As will be apparent, the addition of the reactive ion to the test solution at a constant rate produces ambiguities in the sensor's logarithmic voltage output. More particularly, the specific ion sensor changes voltage at the most rapid rate when the specific ion concentration is at equivalence since the largest percent change in specific ion concentration occurs at this point of the analysis. Therefore, the maximum sensor voltage change and the maximum rate of percentage change of specific ion concentration is known as the inflection point of the electrochemical analysis. High accuracy can be obtained with a constant rate of reactive ion addition only if the electrochemical analysis is done at very low rates of reactive ion addition so that the dynamic problems relating to the phenomena do not cause large analysis errors, but the time of analysis is very long.
The above dynamic electrochemical analysis problems can be very severe when the specific ion sensor suffers from capacitive or any energy storage characteristics in the electrolytic solution. The capacitance function in a dynamic electrochemical analysis requires that the specific ions must either enter or leave the region of the sensor for the voltage output to change. In the optimum form of the coulometric titrator, the transfer of the specific ions and voltage output change are usually independent of the specific ion concentration in the solution and dependent only on the physical construction of the sensor. However, where the capacitance function is encountered, these relationships are no longer valid and appreciable time delay errors arise in this electrochemical analysis.
Unfortunately, the capacitive function about the sensor electrode produces a time delay that becomes proportionally larger as the concentration of the specific ions approaches equivalence. At equivalence concentration levels of the specific ions, the time delay problem causes the most error in the electrochemical analysis since the sensor fails to indicate by output voltage the endpoint until some extended period of time after the actual endpoint has been passed by the continued addition of the reactive ion.
In an application of Homer M. Wilson, application Ser. No. 643,064, filed Dec. 22, 1975, there is disclosed a coulometric titrator arranged to avoid the problems of the time delay error and capacitance function about the sensor electrode. In said coulometric titrator, the novel improvement in electrochemical analysis is achieved by scaler (non-time domain) circuitry which reduces the rate of reactive ion addition logarithmically throughout the analysis. In the preferred embodiment of said coulometric titrator, the addition of the reactive ion is made proportional to the ratio of the anti-logarithm of the specific ion sensor's voltage output and a certain rate controlling reference voltage. In said coulometric titrator, the factor change in the specific ion concentration remains constant and yields a linear rate of sensor voltage change with time. As a result, any dynamic time delay arising from the characteristics of the sensor in detection of the specific ion concentration will have a rate controlling influence and not an endpoint controlling influence. The linear rate of change of sensor output voltage with time is set by the rate controlling reference voltage. Thus, said Wilson coulometric titrator provides not only high speed titrations of great accuracy, but it employs the linear sensor output voltage change to indicate to the operator that the choice of electrochemical analysis parameters is correct.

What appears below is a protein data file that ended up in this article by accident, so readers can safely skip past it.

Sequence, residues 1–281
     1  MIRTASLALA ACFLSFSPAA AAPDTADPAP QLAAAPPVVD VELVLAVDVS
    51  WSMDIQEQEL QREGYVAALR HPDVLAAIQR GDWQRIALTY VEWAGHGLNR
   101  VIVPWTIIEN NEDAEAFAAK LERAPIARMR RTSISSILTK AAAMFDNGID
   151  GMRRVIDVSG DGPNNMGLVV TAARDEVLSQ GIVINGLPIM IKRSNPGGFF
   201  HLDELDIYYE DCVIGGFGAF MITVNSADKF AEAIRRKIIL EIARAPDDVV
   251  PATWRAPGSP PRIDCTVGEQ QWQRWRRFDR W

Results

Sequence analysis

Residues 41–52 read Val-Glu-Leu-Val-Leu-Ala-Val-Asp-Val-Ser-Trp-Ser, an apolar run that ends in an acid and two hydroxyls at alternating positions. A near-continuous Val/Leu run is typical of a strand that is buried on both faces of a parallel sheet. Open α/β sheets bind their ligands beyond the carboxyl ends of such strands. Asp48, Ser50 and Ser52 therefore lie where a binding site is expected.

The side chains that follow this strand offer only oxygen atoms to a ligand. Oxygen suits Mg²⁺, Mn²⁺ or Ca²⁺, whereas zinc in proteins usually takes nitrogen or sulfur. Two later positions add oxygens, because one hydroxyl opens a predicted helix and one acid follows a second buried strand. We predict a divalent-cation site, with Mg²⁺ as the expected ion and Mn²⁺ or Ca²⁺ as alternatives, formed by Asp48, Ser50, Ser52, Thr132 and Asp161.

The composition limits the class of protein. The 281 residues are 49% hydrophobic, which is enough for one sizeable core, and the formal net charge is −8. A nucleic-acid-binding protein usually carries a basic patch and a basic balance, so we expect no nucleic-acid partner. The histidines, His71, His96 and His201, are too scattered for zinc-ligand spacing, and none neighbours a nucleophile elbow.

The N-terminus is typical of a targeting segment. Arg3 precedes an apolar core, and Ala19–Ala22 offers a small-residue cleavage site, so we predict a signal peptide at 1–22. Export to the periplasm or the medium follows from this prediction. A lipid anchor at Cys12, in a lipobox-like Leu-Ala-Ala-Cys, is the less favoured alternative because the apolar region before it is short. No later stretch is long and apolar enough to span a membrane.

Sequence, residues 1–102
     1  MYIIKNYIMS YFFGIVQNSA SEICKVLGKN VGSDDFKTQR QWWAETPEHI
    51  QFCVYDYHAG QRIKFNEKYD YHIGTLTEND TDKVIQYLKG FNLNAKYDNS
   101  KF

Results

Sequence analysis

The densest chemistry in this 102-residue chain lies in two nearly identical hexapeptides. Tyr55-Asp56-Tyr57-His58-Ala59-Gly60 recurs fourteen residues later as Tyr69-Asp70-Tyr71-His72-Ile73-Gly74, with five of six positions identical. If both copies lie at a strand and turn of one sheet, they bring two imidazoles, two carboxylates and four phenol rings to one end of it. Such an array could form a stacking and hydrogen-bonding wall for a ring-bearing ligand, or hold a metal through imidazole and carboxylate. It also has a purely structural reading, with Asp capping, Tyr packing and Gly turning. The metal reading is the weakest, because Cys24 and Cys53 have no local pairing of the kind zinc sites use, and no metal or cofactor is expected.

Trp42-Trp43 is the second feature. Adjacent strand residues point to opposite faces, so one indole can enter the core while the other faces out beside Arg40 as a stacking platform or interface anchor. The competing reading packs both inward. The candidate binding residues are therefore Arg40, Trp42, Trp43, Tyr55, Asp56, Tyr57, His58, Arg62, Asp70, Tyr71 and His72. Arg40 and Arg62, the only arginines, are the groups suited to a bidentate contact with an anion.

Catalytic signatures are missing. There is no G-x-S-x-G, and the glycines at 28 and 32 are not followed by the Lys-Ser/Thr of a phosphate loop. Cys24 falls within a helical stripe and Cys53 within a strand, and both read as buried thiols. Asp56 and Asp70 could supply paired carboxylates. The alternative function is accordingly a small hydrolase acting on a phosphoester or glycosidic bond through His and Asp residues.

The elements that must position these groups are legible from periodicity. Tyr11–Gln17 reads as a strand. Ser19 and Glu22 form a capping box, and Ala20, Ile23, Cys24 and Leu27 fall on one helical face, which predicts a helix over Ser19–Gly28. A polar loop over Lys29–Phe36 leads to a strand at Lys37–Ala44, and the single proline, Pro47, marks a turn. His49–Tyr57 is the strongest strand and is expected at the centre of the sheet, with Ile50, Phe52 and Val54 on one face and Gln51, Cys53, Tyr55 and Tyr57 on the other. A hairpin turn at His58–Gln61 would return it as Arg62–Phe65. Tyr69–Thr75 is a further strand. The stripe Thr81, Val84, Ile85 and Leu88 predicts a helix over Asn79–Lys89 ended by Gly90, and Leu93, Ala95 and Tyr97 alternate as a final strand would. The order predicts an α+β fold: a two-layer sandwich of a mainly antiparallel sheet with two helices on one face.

Since said Wilson titrator has been designed to provide reactive ion proportional to the amount of specific ion left to titrate and has no capability for any other reactive ion demand, the stopping point occurs when some unexpected reactive ion demand becomes the predominant user of the available reactive ion. Said unexpected reactive ion demand of said Wilson titrator is usually the demand for storage of the reactive ion in solution as free ion. Because the characteristics of ions in solution determine the stopping point, any zero shift in sensor voltage does not change the stopping point, but only changes the rate of speed that the stopping point is approaching. The Wilson titrator thus permits accurate operation and accurate answers even though the sensor voltage signal has unexpectedly or even intentionally been shifted by some d.c. amount. Titrators other than the Wilson titrator at the time of the Wilson invention were very dependent on the use of a stable sensor voltage signal and any unexpected shift in sensor voltage signal was such as would cause considerable error in the answer without the operator being conscious of the problem.